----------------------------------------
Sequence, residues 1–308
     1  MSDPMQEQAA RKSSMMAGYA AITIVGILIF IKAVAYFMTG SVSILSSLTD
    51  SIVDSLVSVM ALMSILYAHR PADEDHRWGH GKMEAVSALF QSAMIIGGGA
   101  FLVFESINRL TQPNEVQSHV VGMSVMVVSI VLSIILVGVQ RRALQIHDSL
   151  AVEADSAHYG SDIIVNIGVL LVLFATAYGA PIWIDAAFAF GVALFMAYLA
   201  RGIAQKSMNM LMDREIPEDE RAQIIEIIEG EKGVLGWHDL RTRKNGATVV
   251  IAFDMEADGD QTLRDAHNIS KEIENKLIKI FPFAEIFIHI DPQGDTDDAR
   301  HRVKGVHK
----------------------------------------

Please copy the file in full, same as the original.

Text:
Sequence, residues 1–308
     1  MSDPMQEQAA RKSSMMAGYA AITIVGILIF IKAVAYFMTG SVSILSSLTD
    51  SIVDSLVSVM ALMSILYAHR PADEDHRWGH GKMEAVSALF QSAMIIGGGA
   101  FLVFESINRL TQPNEVQSHV VGMSVMVVSI VLSIILVGVQ RRALQIHDSL
   151  AVEADSAHYG SDIIVNIGVL LVLFATAYGA PIWIDAAFAF GVALFMAYLA
   201  RGIAQKSMNM LMDREIPEDE RAQIIEIIEG EKGVLGWHDL RTRKNGATVV
   251  IAFDMEADGD QTLRDAHNIS KEIENKLIKI FPFAEIFIHI DPQGDTDDAR
   301  HRVKGVHK